Koji Sunomori couldn’t see the boy’s face, but he knew the lifeless body belonged to his 2-year-old stepson, Kenta. He was wearing his favorite baseball shirt.
Sunomori found him among the rubble of what was supposed to be his new home. The 54-year-old had just married his wife, Nana, last month, and was planning to move in with her and her two children from a previous marriage in the coming days.
But Nana, her two children and her mother were caught last week in one of the deadliest storms to ever hit Japan. Massive rains caused flash flooding and landslides, one of which flattened Nana’s home in Kumano.
Her body was found a few days after last week’s torrential rain, but the children and Sunomori’s mother-in-law were not. Sunomori scoured the detritus for any sign of his family. When he found Kenta Thursday, he dropped to his knees, squeezed his palms tightly, and prayed.
“I found him, finally,” Sunomori told himself when recalling the story to local reporters, including CNN affiliate TV Asahi.
Kenta is one of the more than 200 people who have been killed in the aftermath of the downpour, as flash floods enveloped streets and landslides swallowed parts of the small towns that dot the Japanese countryside.
Another 54 people remain unaccounted for, Japanese Chief Cabinet Secretary Yoshihide Suga said Friday. Some 73,000 personnel deployed by the government are still conducting search and rescue operations. After that, the clean-up efforts are expected to be massive.
“The region itself was experiencing rains, but some of these villages have never had rains of this magnitude before,” said Naomi Akamatsu, an emergency relief coordinator from the Japan Red Cross.
“The impact of the disaster itself is increasing more than what we were expecting.”
Why Japan’s floods were so deadly
Experts say the floods inflicted so much damage – and so many deaths – because a unique set of weather conditions led to a massive amount of rain pummeling an area not prepared for it.
The rain hit a mountainous region, which meant the water picked up speed as it flowed down. The areas hit by those waters were, like much of rural Japan, home to an elderly population who cannot evacuate easily.
“When it’s a sudden onset event, you don’t have time for people to get out of the way,” said Doug Bausch, a science adviser at the Pacific Disaster Center, an consultancy that works in disaster risk management.
Akamatsu with the Japan Red Cross told CNN that her organization has heard many of the victims were elderly. Those who live in the Japanese countryside are typically older than city dwellers, in a country that’s seen the average age of its population rise in recent years.
The massive amount of rain was caused in part by a phenomenon meteorologists call the “training” of thunderstorms. When atmospheric conditions are just right, a thunderstorm can create multiple storms behind it, essentially lining up and inundating the same region over and over.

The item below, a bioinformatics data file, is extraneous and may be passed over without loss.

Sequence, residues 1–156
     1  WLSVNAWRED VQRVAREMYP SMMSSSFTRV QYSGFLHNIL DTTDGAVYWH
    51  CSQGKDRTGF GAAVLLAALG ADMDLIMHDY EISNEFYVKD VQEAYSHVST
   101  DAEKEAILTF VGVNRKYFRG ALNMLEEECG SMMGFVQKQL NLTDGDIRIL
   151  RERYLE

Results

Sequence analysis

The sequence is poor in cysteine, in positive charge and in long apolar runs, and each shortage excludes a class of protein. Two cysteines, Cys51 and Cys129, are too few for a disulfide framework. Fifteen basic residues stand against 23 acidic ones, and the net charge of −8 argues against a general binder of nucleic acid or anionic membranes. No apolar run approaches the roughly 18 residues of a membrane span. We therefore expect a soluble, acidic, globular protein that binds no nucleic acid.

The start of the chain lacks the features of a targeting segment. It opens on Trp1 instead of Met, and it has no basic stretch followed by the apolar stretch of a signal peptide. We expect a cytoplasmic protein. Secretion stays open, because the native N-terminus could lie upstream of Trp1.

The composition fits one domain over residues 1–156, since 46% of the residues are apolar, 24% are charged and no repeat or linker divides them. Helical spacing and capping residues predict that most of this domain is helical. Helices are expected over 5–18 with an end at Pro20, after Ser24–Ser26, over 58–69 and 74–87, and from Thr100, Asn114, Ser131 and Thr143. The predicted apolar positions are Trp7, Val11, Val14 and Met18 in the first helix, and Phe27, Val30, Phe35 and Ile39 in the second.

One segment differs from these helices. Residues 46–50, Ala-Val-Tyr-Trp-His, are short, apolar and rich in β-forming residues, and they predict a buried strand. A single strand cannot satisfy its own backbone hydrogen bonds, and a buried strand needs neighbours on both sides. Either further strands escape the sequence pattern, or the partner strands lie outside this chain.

It’s called “training” because the storms line up like the cars of a train.
In this case, the warm, humid summer air was continuously wrung out like a sponge, high in the mountains to help create this effect – and some areas felt it to the tune of more than a dozen inches of rain in a mere two hours, according to NHK.
“The amount of the rain was enormous. It was unprecedented,” said Takashi Okuma, an expert in natural disasters and professor emeritus at Niigata University.
The rapid development of parts of the region meant there was less land to absorb the water, exacerbating the flash flooding. As storm after storm kept coming, the land left that could absorb the moisture reached breaking point, causing the landslides.
“These areas were mapped as high hazard … it had been decades since there had been something this severe,” Bausch said.
Takuro Matsumoto and Dr. Tomoaki Atsumi, two medical workers with Medecins Sans Frontieres, were told by many local residents that the last time the region experienced rains like this was more than 80 years ago.
Speaking to CNN by phone from the city of Kure, they said they managed to treat a couple of dozen people after arriving Thursday night, a week after the rain started falling.
Kure was hit particularly hard, Matsumoto and Atsumi said, with many homes partially submerged in water. Spotty electricity and a heat wave have made their work even more difficult.
Long recovery ahead
Survivors will have to rebuild for the long term, but there are plenty of short-term risks for those who weathered the disaster, including mitigating the spread of diseases that can thrive in the aftermath of destructive storms.
Japan’s Prime Minister Shinzo Abe traveled to the flooded areas to survey the damage this week, and has promised to support efforts by local governments to rebuild destroyed infrastructure and homes.
The country is no stranger to natural disasters, especially earthquakes, and has experience when it comes to massive clean ups. But this storm may have revealed that authorities need to do more to plan for water disasters.
And it’s just at the beginning of cyclone season, with more rain likely coming this summer.
“Now, there’s less vegetation to hold back moisture going forward,” said Bausch.
Okuma and others allege that authorities have focused too much on urban development at the expense of emergency management and hazard mapping.
“Japan has built up the disaster prevention for quakes very well since the 1995 massive quake, but those for the water disaster hazard are very much behind,” he said.
“This disaster will change that.”
CNN’s Emiko Jozuka, Derek Van Dam and Junko Ogura contributed reporting